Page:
Did The Muted MN Orchestra Help The SPCO Crescendo?

Did The Muted MN Orchestra Help The SPCO Crescendo?

The Saint Paul Chamber Orchestra had a solo year.

The Twin Cities’ distinction of having two world-class orchestras in proximity only amplified the silence when both managements locked out their musicians in late 2012.

The Saint Paul Chamber Orchestra resumed concerts nearly a year ago, while the Minnesota Orchestra only returned to business in February. We wondered how the SPCO benefitted from the dark concert hall across the river.

Historically, leaders of both organizations say there’s a mere 15 to 20 percent crossover in patrons. “It’s really extraordinary,” says Bruce Coppock, who led the SPCO from 1999 to 2008 and returned as executive director last year. “The audience profiles are different, and each orchestra seems to have a very loyal audience that constitutes some 85 percent of attendees any given year.”

Post-lockout, the SPCO didn’t specifically target Minnesota Orchestra patrons, but resumed its standard marketing on both sides of the metro area.

“But we’re having one of the best years of attendance we’ve ever had,” says Coppock. At press time, the SPCO’s ticket sales had topped internal goals every week of the current season, and it logged its highest subscriber renewal rate “any of us can remember,” Coppock adds.

The SPCO reported a surplus of $281,264 for the fiscal year that ended in June, after playing about a third of its typical concert schedule due to the work stoppage. It is projecting another surplus this season.

Heightened demand for Handel’s Messiah at the Basilica of Saint Mary drew a waiting list of more than 500 people—even after adding an extra concert.

Additional performances, however, don’t necessarily boost income for performing arts organizations whose ticket prices are subsidized via donations and/or government grants. In fact, the SPCO says extremely low ticket prices—including a relatively new membership program that gives fans unlimited concerts for $5 a month—are largely responsible for lifting attendance by upward of 40 percent over the past decade.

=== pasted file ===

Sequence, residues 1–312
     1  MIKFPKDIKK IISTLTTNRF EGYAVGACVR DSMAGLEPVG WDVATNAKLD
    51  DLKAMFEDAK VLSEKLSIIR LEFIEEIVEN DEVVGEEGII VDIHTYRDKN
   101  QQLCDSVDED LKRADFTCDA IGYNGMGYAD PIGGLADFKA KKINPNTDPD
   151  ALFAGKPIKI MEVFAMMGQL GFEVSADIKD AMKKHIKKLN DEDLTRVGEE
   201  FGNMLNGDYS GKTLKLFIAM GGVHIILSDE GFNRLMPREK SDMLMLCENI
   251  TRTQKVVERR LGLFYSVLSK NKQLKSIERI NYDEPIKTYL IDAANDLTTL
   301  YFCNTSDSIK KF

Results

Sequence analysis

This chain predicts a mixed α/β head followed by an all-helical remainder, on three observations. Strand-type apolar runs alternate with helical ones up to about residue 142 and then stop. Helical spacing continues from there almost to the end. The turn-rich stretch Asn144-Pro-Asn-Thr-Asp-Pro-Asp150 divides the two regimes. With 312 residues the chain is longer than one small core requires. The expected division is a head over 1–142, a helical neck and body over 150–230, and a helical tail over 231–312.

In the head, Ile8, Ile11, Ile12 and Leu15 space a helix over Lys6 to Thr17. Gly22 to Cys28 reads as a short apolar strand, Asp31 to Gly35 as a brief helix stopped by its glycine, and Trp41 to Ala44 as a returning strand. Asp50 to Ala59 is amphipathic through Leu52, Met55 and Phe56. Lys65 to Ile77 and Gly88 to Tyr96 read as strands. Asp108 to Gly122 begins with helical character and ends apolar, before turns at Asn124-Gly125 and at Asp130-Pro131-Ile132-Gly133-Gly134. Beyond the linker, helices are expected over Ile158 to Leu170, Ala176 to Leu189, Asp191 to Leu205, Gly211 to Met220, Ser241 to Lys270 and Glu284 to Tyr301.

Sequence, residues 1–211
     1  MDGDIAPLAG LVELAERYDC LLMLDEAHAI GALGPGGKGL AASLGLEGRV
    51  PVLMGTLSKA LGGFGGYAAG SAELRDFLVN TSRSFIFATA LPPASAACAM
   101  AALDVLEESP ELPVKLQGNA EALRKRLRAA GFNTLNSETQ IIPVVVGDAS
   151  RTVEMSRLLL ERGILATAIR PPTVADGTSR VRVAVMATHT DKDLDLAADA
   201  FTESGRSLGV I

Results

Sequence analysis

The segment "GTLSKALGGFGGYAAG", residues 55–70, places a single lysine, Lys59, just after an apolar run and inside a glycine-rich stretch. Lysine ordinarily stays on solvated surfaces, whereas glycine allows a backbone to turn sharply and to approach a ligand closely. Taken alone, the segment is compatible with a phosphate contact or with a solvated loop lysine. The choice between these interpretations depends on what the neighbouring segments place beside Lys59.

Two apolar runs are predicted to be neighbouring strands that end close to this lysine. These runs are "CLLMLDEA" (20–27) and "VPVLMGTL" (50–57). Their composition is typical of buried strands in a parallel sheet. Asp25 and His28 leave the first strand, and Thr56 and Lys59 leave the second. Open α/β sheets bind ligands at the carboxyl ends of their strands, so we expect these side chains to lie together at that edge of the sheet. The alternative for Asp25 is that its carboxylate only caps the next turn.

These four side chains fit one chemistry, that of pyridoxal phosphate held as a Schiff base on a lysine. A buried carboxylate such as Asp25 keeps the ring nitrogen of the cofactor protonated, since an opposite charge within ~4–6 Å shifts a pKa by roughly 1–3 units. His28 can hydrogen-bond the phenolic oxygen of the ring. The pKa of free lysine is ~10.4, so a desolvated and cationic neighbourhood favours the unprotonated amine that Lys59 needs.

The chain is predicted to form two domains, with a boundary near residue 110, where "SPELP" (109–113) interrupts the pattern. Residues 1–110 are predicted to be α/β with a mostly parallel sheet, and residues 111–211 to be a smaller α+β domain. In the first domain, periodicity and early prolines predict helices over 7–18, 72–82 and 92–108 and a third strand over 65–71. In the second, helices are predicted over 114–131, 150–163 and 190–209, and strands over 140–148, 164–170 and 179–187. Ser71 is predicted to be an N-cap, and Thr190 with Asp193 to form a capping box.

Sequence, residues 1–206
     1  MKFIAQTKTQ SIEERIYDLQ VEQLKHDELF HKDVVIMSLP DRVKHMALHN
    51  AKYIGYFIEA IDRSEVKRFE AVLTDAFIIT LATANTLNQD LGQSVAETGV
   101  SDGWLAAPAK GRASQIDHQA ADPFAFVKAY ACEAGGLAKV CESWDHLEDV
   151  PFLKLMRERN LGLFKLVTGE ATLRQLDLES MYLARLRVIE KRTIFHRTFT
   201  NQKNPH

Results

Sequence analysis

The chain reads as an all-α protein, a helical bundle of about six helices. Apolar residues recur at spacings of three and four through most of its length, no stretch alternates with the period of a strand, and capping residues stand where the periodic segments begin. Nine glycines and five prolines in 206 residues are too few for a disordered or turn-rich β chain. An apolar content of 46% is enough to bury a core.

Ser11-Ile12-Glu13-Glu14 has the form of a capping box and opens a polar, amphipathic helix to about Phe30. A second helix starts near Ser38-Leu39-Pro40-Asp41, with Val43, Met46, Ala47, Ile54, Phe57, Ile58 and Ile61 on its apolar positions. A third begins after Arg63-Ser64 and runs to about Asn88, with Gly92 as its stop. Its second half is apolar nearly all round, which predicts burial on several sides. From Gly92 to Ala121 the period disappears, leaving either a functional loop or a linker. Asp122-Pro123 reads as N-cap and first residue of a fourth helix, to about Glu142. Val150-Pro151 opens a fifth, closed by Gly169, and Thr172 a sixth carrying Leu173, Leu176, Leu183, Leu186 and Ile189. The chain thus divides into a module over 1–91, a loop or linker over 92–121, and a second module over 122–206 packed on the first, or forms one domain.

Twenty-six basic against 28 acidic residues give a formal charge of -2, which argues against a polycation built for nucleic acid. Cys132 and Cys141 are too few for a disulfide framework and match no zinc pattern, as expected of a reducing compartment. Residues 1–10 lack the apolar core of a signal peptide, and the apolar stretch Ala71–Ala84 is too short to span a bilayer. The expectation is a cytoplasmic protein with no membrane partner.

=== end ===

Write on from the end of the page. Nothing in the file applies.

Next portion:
Unfortunately, ticket sales cover less than 20 percent of the SPCO’s operating expenses.

“One of the fundamental challenges of these organizations is that 60 or 70 percent of expenditures are tied up in fixed [costs],” Coppock explains. “So to the extent that you can expand operations within the capacities of your cost structure, you have a decent chance of generating incremental revenue. But if you have to buy more infrastructure in order to mount additional concerts, you have a challenge.”

In other words, the SPCO’s schedule of 100-odd concerts in a 35-week window leaves room for very few extra performances that can bolster the bottom line. Coppock believes the orchestra lockouts illuminated “just how fragile these institutions are,” and a “rekindled sense of community responsibility” is fueling ticket sales.

Don’t be misled by volume, say experts. “Ticket sales, while important, are not necessarily indicative of the longer-term picture,” posits Gary Hanson, executive director of the Cleveland Orchestra. Numerous factors that routinely impact attendance, such as programming changes or weather, have more sway than a “market-share event” like a locked-out competitor. “The equally important—and in some communities more important—market share question is philanthropy.”

The SPCO hasn’t analyzed crossover with the Minnesota Orchestra’s corporate or individual donors, although Coppock speculates that the individual donor pool “tends to track pretty tightly with the audience numbers . . . and frequency of attendance is the single biggest contributing factor in making contributions.”